After beach-goers leave over 15 tons of trash at Coogee Beach on Christmas, city council bans alcohol at the beach.
A woman walks next to a wall construction site at south Coogee Beach in Sydney on Aug. 12, 2009. OCEANS-RISING/REALESTATE REUTERS/Daniel Munoz

Australians won’t be able to get their drink on at one beach in particular for summer after visitors left the pristine shoreline covered in trash on Christmas Day. As a result, in officials declaring an immediate ban of alcohol at Coogee Beach. More than 10,000 people left the beach covered in 15 tons of trash including alcohol bottles, cans and cigarette boxes, according to reports.

Randwick’s City Council announced the ban Monday, explaining that alcohol would not be allowed at Coogee Beach or surrounding beachside parks during the summer season, which is from December through February.

Randwick’s Mayor Noel D’Souza said in a statement he was disappointed in beachgoers for not taking better care of public property.

“The poor and inappropriate behavior of a few on Christmas Day have forced Council to introduce a total alcohol ban for the area for summer.,” D’Souza said. “The public outrage to the devastation of the parks and beach itself on Christmas Day has been quite phenomenal. The clear message we’ve received is that we need to give the beach and nearby parks back to all people to enjoy peacefully and safely. It is disappointing we have to take such a strong stance, but we need to reassure the community that they can feel safe when visiting and enjoying the jewel in the crown of Randwick City, Coogee Beach.”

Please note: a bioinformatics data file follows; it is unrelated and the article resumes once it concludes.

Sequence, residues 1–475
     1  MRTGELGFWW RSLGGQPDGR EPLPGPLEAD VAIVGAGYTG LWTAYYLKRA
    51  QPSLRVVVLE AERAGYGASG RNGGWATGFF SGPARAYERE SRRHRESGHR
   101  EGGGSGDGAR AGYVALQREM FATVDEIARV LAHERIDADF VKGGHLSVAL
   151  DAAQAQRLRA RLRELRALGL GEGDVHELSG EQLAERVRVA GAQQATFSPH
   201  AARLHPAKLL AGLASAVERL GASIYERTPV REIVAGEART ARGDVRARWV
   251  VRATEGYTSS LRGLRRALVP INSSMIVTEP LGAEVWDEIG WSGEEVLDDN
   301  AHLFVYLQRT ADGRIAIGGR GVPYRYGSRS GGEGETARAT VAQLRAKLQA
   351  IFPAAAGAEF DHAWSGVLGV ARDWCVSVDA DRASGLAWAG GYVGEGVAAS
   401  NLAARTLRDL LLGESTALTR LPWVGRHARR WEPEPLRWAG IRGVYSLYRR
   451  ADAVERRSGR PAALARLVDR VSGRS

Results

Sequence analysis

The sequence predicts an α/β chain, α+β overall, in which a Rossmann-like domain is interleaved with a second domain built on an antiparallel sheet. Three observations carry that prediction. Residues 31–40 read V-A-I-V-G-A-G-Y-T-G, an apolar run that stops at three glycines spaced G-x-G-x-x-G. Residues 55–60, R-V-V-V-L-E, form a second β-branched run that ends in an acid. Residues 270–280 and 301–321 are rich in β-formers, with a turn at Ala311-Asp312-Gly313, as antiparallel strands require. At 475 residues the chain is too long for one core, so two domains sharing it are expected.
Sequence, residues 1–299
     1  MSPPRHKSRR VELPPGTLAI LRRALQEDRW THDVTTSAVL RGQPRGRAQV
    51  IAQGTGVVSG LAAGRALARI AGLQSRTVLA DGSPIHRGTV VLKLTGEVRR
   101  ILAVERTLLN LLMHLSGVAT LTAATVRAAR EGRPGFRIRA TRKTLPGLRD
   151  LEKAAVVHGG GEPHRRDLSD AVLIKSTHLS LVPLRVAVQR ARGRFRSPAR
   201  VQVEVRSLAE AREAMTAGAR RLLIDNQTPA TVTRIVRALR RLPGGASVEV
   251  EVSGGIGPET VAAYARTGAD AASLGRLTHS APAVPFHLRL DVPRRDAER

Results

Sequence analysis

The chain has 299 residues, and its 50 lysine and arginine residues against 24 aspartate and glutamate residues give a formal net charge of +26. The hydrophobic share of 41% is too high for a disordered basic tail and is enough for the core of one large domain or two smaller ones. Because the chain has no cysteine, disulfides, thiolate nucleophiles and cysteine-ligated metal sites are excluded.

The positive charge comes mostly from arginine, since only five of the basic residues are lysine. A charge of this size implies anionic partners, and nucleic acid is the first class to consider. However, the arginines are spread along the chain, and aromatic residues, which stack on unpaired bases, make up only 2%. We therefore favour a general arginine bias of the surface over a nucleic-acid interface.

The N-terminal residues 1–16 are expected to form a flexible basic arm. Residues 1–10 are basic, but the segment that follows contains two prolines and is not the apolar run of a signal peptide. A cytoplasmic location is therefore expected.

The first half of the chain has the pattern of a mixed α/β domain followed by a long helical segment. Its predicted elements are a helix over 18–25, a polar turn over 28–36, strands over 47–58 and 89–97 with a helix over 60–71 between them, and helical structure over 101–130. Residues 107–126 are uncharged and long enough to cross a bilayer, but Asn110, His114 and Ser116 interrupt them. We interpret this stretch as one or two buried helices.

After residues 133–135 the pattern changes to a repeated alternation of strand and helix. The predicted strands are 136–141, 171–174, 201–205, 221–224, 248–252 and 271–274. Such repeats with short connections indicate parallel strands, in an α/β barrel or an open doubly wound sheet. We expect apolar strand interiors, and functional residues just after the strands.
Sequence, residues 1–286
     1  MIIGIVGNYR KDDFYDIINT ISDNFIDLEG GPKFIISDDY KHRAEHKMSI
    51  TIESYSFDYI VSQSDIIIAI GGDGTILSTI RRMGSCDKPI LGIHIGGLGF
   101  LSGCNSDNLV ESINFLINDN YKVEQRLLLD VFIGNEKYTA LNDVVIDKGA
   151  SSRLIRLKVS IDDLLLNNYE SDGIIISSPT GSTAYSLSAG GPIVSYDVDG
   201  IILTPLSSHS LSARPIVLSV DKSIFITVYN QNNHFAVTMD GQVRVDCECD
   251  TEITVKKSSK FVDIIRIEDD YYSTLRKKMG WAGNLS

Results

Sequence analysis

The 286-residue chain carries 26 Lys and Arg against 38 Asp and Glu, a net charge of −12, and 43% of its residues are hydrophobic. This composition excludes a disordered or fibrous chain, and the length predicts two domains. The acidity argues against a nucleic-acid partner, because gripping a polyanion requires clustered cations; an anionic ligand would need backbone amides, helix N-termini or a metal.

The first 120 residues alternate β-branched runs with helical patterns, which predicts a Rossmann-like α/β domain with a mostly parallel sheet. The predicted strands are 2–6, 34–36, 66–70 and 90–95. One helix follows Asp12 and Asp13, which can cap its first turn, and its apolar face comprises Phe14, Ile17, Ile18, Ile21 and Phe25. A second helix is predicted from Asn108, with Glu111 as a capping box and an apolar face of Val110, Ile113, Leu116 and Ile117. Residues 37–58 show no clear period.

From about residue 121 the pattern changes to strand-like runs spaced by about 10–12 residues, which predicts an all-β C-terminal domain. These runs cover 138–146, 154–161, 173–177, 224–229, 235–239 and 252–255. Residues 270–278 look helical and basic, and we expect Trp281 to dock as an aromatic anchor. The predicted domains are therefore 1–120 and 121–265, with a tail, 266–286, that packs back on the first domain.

The ban will take effect at Coogee Beach and all nearby reserves and parks as of Thursday until the end of Australia’s summer.

The complete ban on alcohol came following alcohol restrictions at Dunningham and Goldstein Reserves issued by city council just a few weeks before Christmas. The restrictions prevented adults from having open alcohol at the beach and surrounding parks between 12 p.m. to 4 p.m. in an effort to reduce the number of alcohol related incidents at the beach.

Earlier in the year, beaches near Melbourne also issued alcohol bans. Drinking curfews were put in place at St. Kilda and Port Melbourne beaches, as well as parks around the City of Port Phillip back in January. Initially, people were able to consume alcohol at the beach until 8 p.m. However, to reduce the chances of trash being left behind and alcohol-related accidents, the city changed the curfew to start at 5 p.m. instead.